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The Education Gradient in Childbearing: Changes in the Education Distribution

Dates:
  • Thu 08 Oct 2020 17.00 - 18.30
  Add to Calendar 2020-10-08 17:00 2020-10-08 18:30 Europe/Paris The Education Gradient in Childbearing: Changes in the Education Distribution

Presentation within the Inequality Working Group

In the last three decades, two demographic processes have been reshaping developed countries: declines in fertility and increases in women’s education levels. A negative education gradient in fertility – highly educated women have fewer children and higher rates of childlessness than women with lower education, emerged in a number of countries, although its presence is far from uniform. Conversely, recent studies report that highly educated women might be returning to larger families and having faster transitions to second births. However, the composition of different education strata has been changing concurrently with fertility trends. Indeed, the expansions in secondary and tertiary education in European countries occurred at different times and speeds, thus generating composition heterogeneity across time and space. This process has led to a change in the meaning and selectivity of absolute levels of education. Combining the Gender and Generation Survey and international educational attainment data, I construct a relative education measure that includes women’s relative educational positioning by country and birth cohort and I use it to predict early motherhood and childlessness. Adding cohort-specific aggregate tertiary education prevalence, I also investigate changes in the educational gradient in childbearing as the educational composition changes. Findings over the entire sample suggest an overall convergence towards later motherhood for less educated women and lower childlessness for highly educated ones. However, there is substantial heterogeneity across time and space with the negative education gradient flattening only in recent cohorts and in countries with a higher proportion of women with tertiary education, which might act as protecting factor against childlessness.

Seminar Room 2 - Badia Fiesolana DD/MM/YYYY
  Seminar Room 2 - Badia Fiesolana

Presentation within the Inequality Working Group

In the last three decades, two demographic processes have been reshaping developed countries: declines in fertility and increases in women’s education levels. A negative education gradient in fertility – highly educated women have fewer children and higher rates of childlessness than women with lower education, emerged in a number of countries, although its presence is far from uniform. Conversely, recent studies report that highly educated women might be returning to larger families and having faster transitions to second births. However, the composition of different education strata has been changing concurrently with fertility trends. Indeed, the expansions in secondary and tertiary education in European countries occurred at different times and speeds, thus generating composition heterogeneity across time and space. This process has led to a change in the meaning and selectivity of absolute levels of education. Combining the Gender and Generation Survey and international educational attainment data, I construct a relative education measure that includes women’s relative educational positioning by country and birth cohort and I use it to predict early motherhood and childlessness. Adding cohort-specific aggregate tertiary education prevalence, I also investigate changes in the educational gradient in childbearing as the educational composition changes. Findings over the entire sample suggest an overall convergence towards later motherhood for less educated women and lower childlessness for highly educated ones. However, there is substantial heterogeneity across time and space with the negative education gradient flattening only in recent cohorts and in countries with a higher proportion of women with tertiary education, which might act as protecting factor against childlessness.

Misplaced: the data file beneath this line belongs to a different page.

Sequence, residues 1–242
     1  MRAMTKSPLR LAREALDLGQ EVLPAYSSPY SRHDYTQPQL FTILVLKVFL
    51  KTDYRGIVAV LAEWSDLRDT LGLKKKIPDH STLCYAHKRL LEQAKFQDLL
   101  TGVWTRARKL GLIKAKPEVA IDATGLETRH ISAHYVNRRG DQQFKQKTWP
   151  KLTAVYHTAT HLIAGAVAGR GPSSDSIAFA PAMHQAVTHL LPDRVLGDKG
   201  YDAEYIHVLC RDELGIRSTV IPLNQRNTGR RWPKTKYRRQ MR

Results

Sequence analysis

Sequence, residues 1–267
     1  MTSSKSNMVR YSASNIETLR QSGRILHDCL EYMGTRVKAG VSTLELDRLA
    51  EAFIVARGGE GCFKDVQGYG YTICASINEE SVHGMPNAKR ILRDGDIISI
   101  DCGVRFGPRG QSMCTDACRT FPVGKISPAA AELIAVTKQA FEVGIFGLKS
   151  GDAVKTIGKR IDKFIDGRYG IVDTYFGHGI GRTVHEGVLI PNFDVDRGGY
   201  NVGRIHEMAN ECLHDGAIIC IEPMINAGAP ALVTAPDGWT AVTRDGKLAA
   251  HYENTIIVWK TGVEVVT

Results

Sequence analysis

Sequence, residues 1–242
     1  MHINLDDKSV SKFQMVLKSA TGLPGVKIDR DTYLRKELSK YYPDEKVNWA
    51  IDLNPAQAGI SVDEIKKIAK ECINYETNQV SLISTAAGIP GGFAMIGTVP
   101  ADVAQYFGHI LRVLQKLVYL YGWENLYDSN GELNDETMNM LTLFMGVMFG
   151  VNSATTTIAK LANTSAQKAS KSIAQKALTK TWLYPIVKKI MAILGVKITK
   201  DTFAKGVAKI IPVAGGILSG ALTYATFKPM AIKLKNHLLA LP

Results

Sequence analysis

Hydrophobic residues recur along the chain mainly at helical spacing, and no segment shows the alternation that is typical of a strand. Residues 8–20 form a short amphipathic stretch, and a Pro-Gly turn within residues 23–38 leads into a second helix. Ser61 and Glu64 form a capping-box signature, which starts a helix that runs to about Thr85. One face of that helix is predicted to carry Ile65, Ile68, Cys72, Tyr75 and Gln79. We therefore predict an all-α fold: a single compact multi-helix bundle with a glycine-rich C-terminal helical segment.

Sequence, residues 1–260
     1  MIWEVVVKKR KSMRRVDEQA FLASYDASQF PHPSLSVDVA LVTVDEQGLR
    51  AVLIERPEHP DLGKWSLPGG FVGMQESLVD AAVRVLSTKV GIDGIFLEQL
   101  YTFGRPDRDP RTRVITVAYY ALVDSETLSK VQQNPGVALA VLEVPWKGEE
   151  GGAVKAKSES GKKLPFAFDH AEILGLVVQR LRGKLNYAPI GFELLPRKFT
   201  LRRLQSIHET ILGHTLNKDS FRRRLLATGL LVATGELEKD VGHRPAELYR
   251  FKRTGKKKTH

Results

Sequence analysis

Location:
Seminar Room 2 - Badia Fiesolana

Affiliation:
Department of Political and Social Sciences

Type:
Working group

Speaker:
Federica Querin

Contact:
Monika Rzemieniecka (EUI - Department of Political and Social Sciences) - Send a mail
CLIC Inequality Working Group - Send a mail

Organiser:
Prof. Fabrizio Bernardi
Prof. Juho Härkönen

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